Agents of the Four Seasons, Vol. 1

By Kana Akatsuki and Suoh. Released in Japan as “Shunka Shūtō Daikōsha” by Dengeki Bunko. Released in North America by Yen On. Translated by Sergio Avila.

This one took me completely by surprise. For one thing, I’ve never seen Violet Evergarden, the other series this author is noted for, which I know has a large cult fanbase. But even then, the cover art and plot description were sort of obfuscating things. I was expecting a soft little romance, with star-crossed lovers reuniting after ten long years and lots of crying and apologies. Actually, technically, I got all that except for the “soft” part, but that also does not describe the book at all. This is a dark and brutal story about recovering from severe trauma after years of torture, the devastation of those left behind, and living in an active terrorist state where at any moment you might get brutally murdered – or just kidnapped again. Fluffy this ain’t. That said, every page of this does its job to reward the reader, and if you can tolerate a lot of dark depressing angst, it’s one of the best light novels to come out this year.

This takes place in a world where the seasons are controlled by “Agents”, four people chosen to bring about the change to winter, spring, summer and fall. They are humans with powers, and when one dies, another one develops a birthmark which marks them as the next in line. In Yamato (i.e. alternate universe Japan), things have been terrible and rather wintery for the last ten years because of a disaster that took place – during an attempted assassination of the winter agent, the spring agent was kidnapped. She’s been missing all this time, and yet, because a new agent has not appeared, she isn’t dead. The book starts with her return, ready to perform the actions to bring about spring despite PTSD, what appears to be disassociative identity disorder, and a retainer who may be even worse off than she is.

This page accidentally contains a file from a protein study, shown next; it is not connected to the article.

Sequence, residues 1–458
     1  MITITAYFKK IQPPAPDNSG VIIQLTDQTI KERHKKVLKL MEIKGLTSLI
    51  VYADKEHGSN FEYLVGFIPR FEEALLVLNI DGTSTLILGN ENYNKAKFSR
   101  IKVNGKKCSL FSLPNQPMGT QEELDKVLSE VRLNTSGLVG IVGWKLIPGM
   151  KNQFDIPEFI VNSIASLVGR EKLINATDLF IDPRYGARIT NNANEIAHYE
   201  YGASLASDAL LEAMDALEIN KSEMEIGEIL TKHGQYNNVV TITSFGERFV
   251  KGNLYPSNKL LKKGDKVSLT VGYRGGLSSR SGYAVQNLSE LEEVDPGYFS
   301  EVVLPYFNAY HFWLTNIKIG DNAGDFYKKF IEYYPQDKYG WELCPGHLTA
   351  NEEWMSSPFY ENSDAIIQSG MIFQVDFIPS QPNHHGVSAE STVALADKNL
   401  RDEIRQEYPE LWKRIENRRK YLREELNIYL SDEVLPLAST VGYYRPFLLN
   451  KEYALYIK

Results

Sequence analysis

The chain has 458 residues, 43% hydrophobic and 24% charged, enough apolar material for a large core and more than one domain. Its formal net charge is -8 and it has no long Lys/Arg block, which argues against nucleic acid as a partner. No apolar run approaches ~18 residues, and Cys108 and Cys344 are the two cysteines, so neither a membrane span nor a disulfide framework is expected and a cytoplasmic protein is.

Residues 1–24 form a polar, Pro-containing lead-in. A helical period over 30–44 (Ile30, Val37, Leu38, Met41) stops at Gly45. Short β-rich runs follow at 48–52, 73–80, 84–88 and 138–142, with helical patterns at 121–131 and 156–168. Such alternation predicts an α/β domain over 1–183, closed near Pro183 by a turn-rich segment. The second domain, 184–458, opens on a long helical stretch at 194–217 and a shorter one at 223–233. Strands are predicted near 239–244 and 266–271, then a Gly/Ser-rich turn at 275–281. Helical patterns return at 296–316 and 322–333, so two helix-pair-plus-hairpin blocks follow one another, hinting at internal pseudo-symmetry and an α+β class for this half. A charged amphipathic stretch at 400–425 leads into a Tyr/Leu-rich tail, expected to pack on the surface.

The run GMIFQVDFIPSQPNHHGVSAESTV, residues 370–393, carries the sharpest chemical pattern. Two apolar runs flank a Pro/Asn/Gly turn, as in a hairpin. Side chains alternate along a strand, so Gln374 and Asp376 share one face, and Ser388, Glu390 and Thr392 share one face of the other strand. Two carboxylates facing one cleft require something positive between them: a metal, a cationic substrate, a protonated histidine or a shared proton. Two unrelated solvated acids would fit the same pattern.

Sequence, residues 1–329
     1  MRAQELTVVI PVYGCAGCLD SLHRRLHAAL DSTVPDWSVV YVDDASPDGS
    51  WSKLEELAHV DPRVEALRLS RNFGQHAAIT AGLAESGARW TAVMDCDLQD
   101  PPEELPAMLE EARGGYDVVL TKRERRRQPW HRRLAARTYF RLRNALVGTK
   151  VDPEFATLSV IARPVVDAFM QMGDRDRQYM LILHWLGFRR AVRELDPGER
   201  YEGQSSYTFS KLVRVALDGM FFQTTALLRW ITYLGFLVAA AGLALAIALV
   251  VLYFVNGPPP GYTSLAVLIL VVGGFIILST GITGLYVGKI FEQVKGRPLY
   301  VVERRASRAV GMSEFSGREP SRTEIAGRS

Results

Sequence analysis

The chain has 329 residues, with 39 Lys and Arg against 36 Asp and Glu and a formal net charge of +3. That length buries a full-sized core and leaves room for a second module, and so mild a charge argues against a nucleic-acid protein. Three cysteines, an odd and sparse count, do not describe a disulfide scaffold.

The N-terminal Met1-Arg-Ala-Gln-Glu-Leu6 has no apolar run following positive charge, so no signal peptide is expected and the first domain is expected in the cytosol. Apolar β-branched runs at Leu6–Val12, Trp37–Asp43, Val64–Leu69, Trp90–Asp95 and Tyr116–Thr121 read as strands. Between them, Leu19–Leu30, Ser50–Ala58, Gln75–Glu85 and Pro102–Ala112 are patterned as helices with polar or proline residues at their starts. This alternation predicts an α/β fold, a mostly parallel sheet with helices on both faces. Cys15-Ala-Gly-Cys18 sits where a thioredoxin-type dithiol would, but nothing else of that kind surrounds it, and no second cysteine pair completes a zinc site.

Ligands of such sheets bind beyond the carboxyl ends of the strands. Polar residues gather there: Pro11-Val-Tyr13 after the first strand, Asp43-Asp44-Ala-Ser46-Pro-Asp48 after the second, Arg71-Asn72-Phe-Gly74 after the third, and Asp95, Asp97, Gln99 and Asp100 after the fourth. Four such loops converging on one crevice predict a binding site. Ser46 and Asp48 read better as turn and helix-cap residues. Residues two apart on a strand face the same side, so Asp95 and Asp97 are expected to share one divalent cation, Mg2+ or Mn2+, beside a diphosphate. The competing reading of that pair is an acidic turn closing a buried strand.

We don’t get explicitly told what happened to Hinagiku when she was kidnapped, except for dialogue-only flashbacks that imply that heavy torture was done to her. But it left its mark, and it’s amazing that she’s here to bring on the spring and try to get things back to the way they were. Meanwhile, her retainer Sakura is still trying to cope with being unable to save her at the time, and being abused by nearly everyone around her in the interim. Rosei, the agent of Winter, has tremendous survivor guilt, given that Hinagiku sacrificed herself so that he could live. And Itecho, his retainer, also blames himself for not being strong enough to go up against dozens of terrorists with guns. There is, thankfully, a BIT of healing in this volume, but when the agent of Autumn is kidnapped in what looks like a repeat of the events of last decade, the Four Seasons decide enough is enough, and they’re not going to take it anymore.

I didn’t even have time to get into the Summer agent/retainer, who have twin issues, or the Autumn retainer, who is the only retainer with no real issues and therefore gets to be the one to suffer. I do know that I really, really, really want to read the next book in this series, and I am thankful that the series seems to do 2-book arcs, so things should reasonably wrap up in it. Highly recommended.

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